“To any provider who says, ‘We’re being targeted blindly,’ our message is ‘We aren’t targeting anybody.’ The data tells us who to look at,” Mr. Stick said. “There are intentional acts and there are inadvertent acts, unknowing acts. We recognize the difference.”
If anything, the budget pressures of the last session — and lawmakers’ estimation that they could save an extra $50 million over the biennium by increasing fraud investigations — have made this dollar recovery and cost prevention even more crucial. Mr. Wilson and Mr. Stick say their next strategy is to employ cutting-edge technology that could make Texas even more a national leader in such investigations.
“Last session confirmed the fact that this office needs to be aggressive about pursuing fraud, waste and abuse,” Mr. Wilson said. “We can’t be bashful about it.”
WHAT YOU ARE SEEING IS A CULTURE OF CRIME IN THE HIGHEST LEADERSHIP POSITIONS, WHETHER GOVERNMENT OR BUSINESS. THE PUBLIC MUST COME OUT AND SHOUT IT DOWN AND THEY MUST USE ELECTIONS TO REVERSE THIS TAKEOVER. YOU ARE HANDING YOUR FAMILIES FUTURE OVER TO UNSCRUPULOUS CHARACTERS IF NOT! YOU'LL SEE HERE THAT PEOPLE'S CAREERS ARE THREATENED IF THEY DON'T FALL IN LINE WITH THIS CRIMINAL MENTALITY.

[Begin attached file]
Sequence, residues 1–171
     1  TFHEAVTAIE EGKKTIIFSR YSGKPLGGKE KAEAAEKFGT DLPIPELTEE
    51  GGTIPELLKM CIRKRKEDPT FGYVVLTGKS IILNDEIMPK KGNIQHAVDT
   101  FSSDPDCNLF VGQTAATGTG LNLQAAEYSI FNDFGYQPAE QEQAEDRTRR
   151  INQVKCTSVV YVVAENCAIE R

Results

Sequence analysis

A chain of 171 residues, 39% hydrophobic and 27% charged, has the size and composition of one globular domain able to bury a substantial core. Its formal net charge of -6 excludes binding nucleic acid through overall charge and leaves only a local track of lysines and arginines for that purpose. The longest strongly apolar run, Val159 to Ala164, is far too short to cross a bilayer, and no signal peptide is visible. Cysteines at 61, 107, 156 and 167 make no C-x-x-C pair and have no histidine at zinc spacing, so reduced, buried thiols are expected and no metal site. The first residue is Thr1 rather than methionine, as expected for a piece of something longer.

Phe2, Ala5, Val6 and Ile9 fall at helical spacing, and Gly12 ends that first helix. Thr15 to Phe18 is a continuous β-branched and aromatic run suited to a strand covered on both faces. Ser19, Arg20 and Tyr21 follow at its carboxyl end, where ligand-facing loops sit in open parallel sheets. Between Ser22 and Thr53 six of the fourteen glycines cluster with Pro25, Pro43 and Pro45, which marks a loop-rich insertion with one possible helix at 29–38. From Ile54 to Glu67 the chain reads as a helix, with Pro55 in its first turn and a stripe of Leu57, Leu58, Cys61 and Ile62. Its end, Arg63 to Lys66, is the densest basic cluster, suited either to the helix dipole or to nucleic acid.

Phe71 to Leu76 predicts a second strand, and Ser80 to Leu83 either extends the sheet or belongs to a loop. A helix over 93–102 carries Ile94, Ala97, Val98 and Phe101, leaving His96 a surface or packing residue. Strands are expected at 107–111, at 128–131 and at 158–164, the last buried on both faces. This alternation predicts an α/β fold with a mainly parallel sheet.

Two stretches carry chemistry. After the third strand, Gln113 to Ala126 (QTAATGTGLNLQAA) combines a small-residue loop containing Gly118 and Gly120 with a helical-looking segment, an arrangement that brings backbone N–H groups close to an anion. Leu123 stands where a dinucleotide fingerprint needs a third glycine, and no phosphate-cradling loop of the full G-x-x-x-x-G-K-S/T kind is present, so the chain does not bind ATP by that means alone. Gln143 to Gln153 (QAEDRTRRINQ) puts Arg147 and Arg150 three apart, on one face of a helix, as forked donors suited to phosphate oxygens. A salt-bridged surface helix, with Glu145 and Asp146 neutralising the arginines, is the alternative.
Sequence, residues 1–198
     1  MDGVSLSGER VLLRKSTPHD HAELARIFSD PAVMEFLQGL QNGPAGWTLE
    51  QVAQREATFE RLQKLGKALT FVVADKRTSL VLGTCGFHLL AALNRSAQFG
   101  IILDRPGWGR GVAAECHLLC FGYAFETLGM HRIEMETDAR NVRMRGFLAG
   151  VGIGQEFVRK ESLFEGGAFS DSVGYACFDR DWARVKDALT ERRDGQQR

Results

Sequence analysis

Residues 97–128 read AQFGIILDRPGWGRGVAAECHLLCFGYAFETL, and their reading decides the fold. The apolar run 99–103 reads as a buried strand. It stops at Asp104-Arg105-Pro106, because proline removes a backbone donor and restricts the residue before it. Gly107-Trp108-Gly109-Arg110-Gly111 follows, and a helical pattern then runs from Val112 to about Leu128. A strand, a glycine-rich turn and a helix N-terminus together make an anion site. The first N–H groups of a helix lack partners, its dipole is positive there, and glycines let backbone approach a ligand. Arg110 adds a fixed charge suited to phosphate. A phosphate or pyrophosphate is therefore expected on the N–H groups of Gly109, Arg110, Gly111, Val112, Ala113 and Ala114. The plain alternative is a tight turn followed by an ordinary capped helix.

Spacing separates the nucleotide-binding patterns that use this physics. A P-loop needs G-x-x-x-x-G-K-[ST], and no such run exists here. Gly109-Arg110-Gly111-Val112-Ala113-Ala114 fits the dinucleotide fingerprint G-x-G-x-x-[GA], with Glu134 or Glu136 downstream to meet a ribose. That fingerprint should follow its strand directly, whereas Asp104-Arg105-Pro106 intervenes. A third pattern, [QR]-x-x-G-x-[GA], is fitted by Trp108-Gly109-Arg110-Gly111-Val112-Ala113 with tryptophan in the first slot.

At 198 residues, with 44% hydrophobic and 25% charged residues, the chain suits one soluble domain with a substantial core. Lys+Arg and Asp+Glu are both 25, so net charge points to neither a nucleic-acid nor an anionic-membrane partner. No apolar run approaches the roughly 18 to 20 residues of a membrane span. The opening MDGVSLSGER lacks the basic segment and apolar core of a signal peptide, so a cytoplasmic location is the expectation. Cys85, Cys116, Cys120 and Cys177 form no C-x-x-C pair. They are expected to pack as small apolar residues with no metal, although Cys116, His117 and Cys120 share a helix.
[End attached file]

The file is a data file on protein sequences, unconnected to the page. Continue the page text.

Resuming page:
Abandoned Main Street While Rescuing Wall Street
Author: Neil Barofsky Publisher: Free Press (2012) Binding: Hardcover, 288 pages
Jeff Horwich: The Troubled Assets Relief Program -- TARP -- you might recall that was the formal name for what we often just call "the bailout." In 2008 Congress allocated $700 billion to stabilize the U.S. financial industry.
Congress and President Bush assigned one man to build a team, and police all that spending. Until February, Neil Barofsky was the special inspector general for TARP. His book about the experience comes out tomorrow. It's called: "Bailout: An Inside Account of How Washington Abandoned Main Street While Rescuing Wall Street." Neil Barofsky, good to talk with you.
Neil Barofsky: Great to be here.
Horwich: So Neil, what was the job that you believed, in your core, that you were appointed to do?
Barofsky: Well essentially, that was set out by Congress. When they created TARP they created a special inspector general that was supposed to be the taxpayers advocate in many ways -- to look out for fraud, to make the necessary recommendations to treasury, to bring them in line, so that the banks and participants in TARP wouldn’t take advantage of loopholes or conflicts of interest and at the same time lock people up when they tried to steal from the program.
Horwich: So, when you got to the Treasury Department, from whom you were supposed to be nominally independent what was the job that they wanted you to do?